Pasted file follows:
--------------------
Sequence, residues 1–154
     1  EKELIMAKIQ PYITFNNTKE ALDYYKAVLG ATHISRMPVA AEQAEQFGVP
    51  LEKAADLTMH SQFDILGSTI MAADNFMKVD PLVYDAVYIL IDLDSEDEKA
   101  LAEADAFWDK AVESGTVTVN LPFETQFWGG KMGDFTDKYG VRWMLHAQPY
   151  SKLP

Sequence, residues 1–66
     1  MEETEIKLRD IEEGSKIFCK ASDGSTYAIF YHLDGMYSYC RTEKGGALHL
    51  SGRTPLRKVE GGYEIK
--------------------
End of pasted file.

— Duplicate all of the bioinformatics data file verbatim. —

Sequence, residues 1–154
     1  EKELIMAKIQ PYITFNNTKE ALDYYKAVLG ATHISRMPVA AEQAEQFGVP
    51  LEKAADLTMH SQFDILGSTI MAADNFMKVD PLVYDAVYIL IDLDSEDEKA
   101  LAEADAFWDK AVESGTVTVN LPFETQFWGG KMGDFTDKYG VRWMLHAQPY
   151  SKLP

Sequence, residues 1–66
     1  MEETEIKLRD IEEGSKIFCK ASDGSTYAIF YHLDGMYSYC RTEKGGALHL
    51  SGRTPLRKVE GGYEIK